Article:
Illustration for article titled We Can Increase Life Expectancy Without Fossil Fuels
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Oil and gas companies love to tell us how much we need their products.

“Global demand for energy is rising, driven by growing population with rising living standards,” reads Shell’s website. One now-deleted BP ad said, “the world needs progress, seeking new possibilities everywhere so we can keep powering dreams and ambitions.” The implication is that if we want people to live long, happy lives, they’ll need more access to energy.

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But a forthcoming study in the journal Environmental Research Letters, came to pretty different conclusions. The researchers examined the relationship between fossil fuel use and life expectancy across 70 countries between 1971 and 2014. They found that while energy and energy consumption were correlated with life expectancy for countries at any single point in time over that 43 year period, the increase in consumption wasn’t the main reason countries saw an increase in how long people lived. In fact, people’s life expectancy increased by 14 years, but an increase in energy use was only responsible for about a quarter of that increase, or under 4 of those 14 years.

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“The easiest way to explain this is a thought experiment: given the relationships we measure from our data, can we measure how much life expectancy would have increased if only fossil fuel emissions had increased? And can we measure how much life expectancy would have increased without any increase in fossil fuel emissions? The total of these two add up to the total change in life expectancy,” Julia K. Steinberger, the study’s lead author, told Earther in an email.

The researchers did find, however, that increased consumption of energy was tied to 90 percent of increase in GDP, which is how economists traditionally measure how well a country is doing economically and, by extension, how well its residents are living. Academics have long debated whether or not it’s possible to increase GDP while reducing carbon emissions emissions.

But the authors argue that GDP is a fundamentally flawed way of measuring well-being because while it measures a country’s economic standing, it doesn’t say anything about how wealth is distributed—or how long and how well residents are living. If what policymakers are actually interested in is how improve people’s lives while decreasing greenhouse gas emissions, the new findings are good news.

“Our results directly counter the claims by fossil fuel companies that their products are necessary for well-being,” the authors say in a statement. “Reducing emissions and primary energy use, while maintaining or enhancing the health of populations, should be possible.”

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Economic growth, the authors say, shouldn’t be country’s aim. They argue that people can still have live good lives and rise out of poverty absent fossil fuels or endless growth.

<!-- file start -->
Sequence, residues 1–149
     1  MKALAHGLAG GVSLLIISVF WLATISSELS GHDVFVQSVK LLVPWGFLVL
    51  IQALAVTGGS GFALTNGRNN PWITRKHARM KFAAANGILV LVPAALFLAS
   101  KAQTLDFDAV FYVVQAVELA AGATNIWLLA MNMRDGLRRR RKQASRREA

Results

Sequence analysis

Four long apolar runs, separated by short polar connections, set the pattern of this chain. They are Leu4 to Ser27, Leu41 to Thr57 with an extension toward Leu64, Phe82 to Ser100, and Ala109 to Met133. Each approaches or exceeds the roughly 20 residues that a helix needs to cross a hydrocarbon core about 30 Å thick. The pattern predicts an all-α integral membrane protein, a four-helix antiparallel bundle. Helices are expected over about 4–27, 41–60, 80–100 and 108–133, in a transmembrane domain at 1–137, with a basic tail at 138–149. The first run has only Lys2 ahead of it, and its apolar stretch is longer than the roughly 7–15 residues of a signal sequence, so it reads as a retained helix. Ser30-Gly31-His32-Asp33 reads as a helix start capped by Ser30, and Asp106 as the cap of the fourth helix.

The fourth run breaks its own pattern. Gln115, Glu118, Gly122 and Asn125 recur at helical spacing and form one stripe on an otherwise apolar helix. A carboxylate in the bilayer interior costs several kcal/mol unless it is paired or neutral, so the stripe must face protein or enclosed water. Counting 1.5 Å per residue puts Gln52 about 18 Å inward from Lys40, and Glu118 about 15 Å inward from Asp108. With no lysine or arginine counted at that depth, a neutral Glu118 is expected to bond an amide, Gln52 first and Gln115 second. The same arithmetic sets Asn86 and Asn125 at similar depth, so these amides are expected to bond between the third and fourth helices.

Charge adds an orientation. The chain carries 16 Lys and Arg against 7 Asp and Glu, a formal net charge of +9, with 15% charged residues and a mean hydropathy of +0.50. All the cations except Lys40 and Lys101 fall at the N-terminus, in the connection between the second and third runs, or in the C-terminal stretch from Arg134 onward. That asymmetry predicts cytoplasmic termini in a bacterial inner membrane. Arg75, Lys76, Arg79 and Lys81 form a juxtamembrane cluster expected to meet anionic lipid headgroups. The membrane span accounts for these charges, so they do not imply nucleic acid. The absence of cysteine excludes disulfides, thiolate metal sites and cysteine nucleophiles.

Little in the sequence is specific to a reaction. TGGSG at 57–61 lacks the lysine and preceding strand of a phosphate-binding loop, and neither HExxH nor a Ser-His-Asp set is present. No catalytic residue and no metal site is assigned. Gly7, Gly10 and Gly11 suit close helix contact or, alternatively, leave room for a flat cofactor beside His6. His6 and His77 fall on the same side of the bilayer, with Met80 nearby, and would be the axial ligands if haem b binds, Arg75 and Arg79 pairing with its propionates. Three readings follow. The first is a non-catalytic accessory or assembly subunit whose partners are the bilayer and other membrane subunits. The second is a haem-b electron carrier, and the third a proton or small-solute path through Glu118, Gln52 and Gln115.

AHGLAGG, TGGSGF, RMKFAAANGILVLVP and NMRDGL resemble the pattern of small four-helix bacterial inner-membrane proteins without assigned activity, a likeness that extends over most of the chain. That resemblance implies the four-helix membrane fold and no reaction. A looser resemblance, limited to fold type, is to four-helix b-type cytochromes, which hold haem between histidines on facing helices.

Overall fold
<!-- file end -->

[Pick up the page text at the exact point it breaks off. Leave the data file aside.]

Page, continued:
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Importantly, even though a country’s total energy use and greenhouse gas emissions weren’t responsible for much of the increase in life expectancy observed between 1971 and 2014, an increase in residential electricity—as in, people’s access to energy use in their own homes for things like turning on lights and cooking with gas—accounted for a 60 percent increase in life expectancy.

“That’s an important piece of this study,” Mark Paul, a political economist at the New College of Florida who studies inequality and environmental economics, told Earther. “There are many low income countries, like in India and Sub-Saharan Africa in particular, where we can see that electrification and basic human needs still aren’t sufficiently met.”

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In those countries, Paul said, it doesn’t make sense to stop trying to grow the economy.

“I reject calls for degrowth, or for abandoning economic growth, for low and middle income countries,” he said. “For those countries, the question is, can we de-link growth from an increase in carbon emissions?”

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If that’s the question, the study looks promising. And real life bears that out, too, as it increasingly looks like fossil fuels are bad for the economy. 

“Renewables have become cost competitive across the board,” said Paul. “So we can very easily improve the human condition—access to basic needs, people’s everyday lives—while limiting increases in emissions.”

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Jim Boyce, Senior Fellow Professor Emeritus at the University of Amherst’s Political Economy Research Institute, said the author’s findings were “hardly surprising.” Researchers have previously showed that life expectancy increases with energy use (though not fossil fuels as a source of energy in particular, they just happen to be what the world’s economy runs on for now), but as this new research points out, that doesn’t mean fossil fuels are the sole cause of people living longer. And one recent study, he noted, found that air pollution from fossil fuels today lowers life expectancy worldwide by more than one year.

“Clearly, greater use of fossil fuels is not the key to either higher life expectancy or improved well-being,” he told Earther. “The time has come to abandon the antiquated practice of extracting poisonous stuff from under the surface of the Earth and burning for our energy needs. We can and must move as quickly as possible to the clean energy economy of the future.”

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Staff writer, Earther

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